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Old 08-14-2014, 07:22 AM
 
42 posts, read 54,254 times
Reputation: 111
After losing 30K in home value,I am done with home ownership. My husband and I are moving on August 29, straight from our closing. Heading to our new townhouse rental unit in Wilmington,NC. No more worrying about the roof,the septic,the pipes freezing,new appliances,looking at the 2 foreclosed properties across from us.

We can pick up and find a new place without a care. Don't have to burden our children with selling the house when we die. We will never own again. Oh Happy Day
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Old 08-14-2014, 07:23 AM
 
Location: rain city
2,935 posts, read 10,530,419 times
Reputation: 4740
Quote:
Originally Posted by Rocco Barbosa View Post
I wanted to see how many people bought a home, than after many years, you sold it and will never buy another home.

Share your reasons why?
I will never own taxhog again. Ownership implies taxation/seizure/insurance/ to protect the owner from potential insurgents. Never.again.

I owned a farmette in Texas. The property was homesteaded. A new law was passed by the state legislature in approximately yr. 2000 allowing small self-incorporated municipalities to forcibly annex adjacent property if certain criteria were present. Mine was, and it was forcibly annexed against my will and without my consent. The city then told me what I could do with my land, how I could live there, sent me a bill, and raised the taxes sky high. I sold it.

Then I moved to a different state. I bought a bigger place zoned agricultural, with a 100 year old house and barn and a lovely water well, and set up for happily ever after. Until the county planning and zoning commission rezoned my property without my consent and against my will -again- to some land use they made up, called 'urban reserve'. After that they defined what I could do with my property and how I could use it, raised the taxes sky high, and sent me a bill. This state had no homestead law *protections*. I sold it months later. Buh-bye money pit.

Now I live in a cheap schitzy apartment I do not own. I have no homeowners or renter insurance. If the landlord raises the rent, I'll move. I own nothing that needs to be insured, taxed, or can be seized or rezoned by money hungry government. I'm done allowing my property to be confiscated by these thieving bureaucrats.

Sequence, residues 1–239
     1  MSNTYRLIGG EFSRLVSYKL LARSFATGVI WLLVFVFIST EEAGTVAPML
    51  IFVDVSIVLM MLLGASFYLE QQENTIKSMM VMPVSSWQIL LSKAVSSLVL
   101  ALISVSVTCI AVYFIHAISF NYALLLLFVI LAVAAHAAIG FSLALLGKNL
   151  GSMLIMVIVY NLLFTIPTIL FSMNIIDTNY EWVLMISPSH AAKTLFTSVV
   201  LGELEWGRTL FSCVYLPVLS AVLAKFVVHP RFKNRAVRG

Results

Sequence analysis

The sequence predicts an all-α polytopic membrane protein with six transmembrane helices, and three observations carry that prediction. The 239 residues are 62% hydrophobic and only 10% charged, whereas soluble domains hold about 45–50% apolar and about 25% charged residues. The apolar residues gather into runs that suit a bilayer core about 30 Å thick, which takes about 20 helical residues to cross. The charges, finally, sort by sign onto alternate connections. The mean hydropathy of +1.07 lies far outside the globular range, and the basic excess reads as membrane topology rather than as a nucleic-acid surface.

We.own.nothing. Not even a car - no car insurance either. Done.

Ownership in America = liability. I own nothing. Tax that azzhats.
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Old 08-14-2014, 07:26 AM
 
54,878 posts, read 57,241,554 times
Reputation: 35099
i would buy a co-op or high rise condo here in ny. I would not ever buy a single family home with chores to do again.
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Old 08-14-2014, 08:59 AM
 
Location: The Triad (NC)
23,868 posts, read 51,359,274 times
Reputation: 23699
The reasons to own a property are MOSTLY financial...
the rest is about the emotional/functional desire/need to have land etc.
But ownership can be a condo/apartment too.

The common theme to the financial aspect is stability and longevity.
If you have good reason to know you'll be staying put at your job and in your town
it will be a VERY rare person who won't benefit from ownership. Even as a single.
With kids (and school issues) it's almost insane to NOT buy.

Exceptions are about price:value... some markets just cost too much to justify the "buy in".
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Old 08-14-2014, 09:44 AM
 
Location: Ft. Myers
11,379 posts, read 7,235,487 times
Reputation: 27520
I think everyone should own a home at some point in their life. First of all, it is the American Dream, and secondly, it can be a good investment. This is especially true if you have a family with kids, it gives them an anchor in the community and a sense of stability that you can't have in a rented home or apartment. When you own your home you sort of have this feeling that you have "roots."

That being said, I now live in a rented condo and love it. This fits my life at my age. For years we did the home ownership week end thing, I did all the outside mowing, trimming, and cleaning, and my Wife did the laundry and cleaned the inside of the house. It was fun then, but now it is very nice to have someone do my lawn maintenance and if something breaks, like an ac unit, I call the landlord and let them fix it. The one downside is noise. It is a little quieter in a single family home than it is when you have 400 other people living around you.

But I did enjoy owning homes when we did, however, now that the kids are grown this is just so much easier.

Don